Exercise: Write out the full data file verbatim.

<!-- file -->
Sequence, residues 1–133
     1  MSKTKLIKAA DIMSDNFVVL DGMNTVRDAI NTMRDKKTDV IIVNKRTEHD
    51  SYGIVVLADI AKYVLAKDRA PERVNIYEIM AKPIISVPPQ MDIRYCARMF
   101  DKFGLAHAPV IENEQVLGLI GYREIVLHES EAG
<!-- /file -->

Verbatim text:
Sequence, residues 1–133
     1  MSKTKLIKAA DIMSDNFVVL DGMNTVRDAI NTMRDKKTDV IIVNKRTEHD
    51  SYGIVVLADI AKYVLAKDRA PERVNIYEIM AKPIISVPPQ MDIRYCARMF
   101  DKFGLAHAPV IENEQVLGLI GYREIVLHES EAG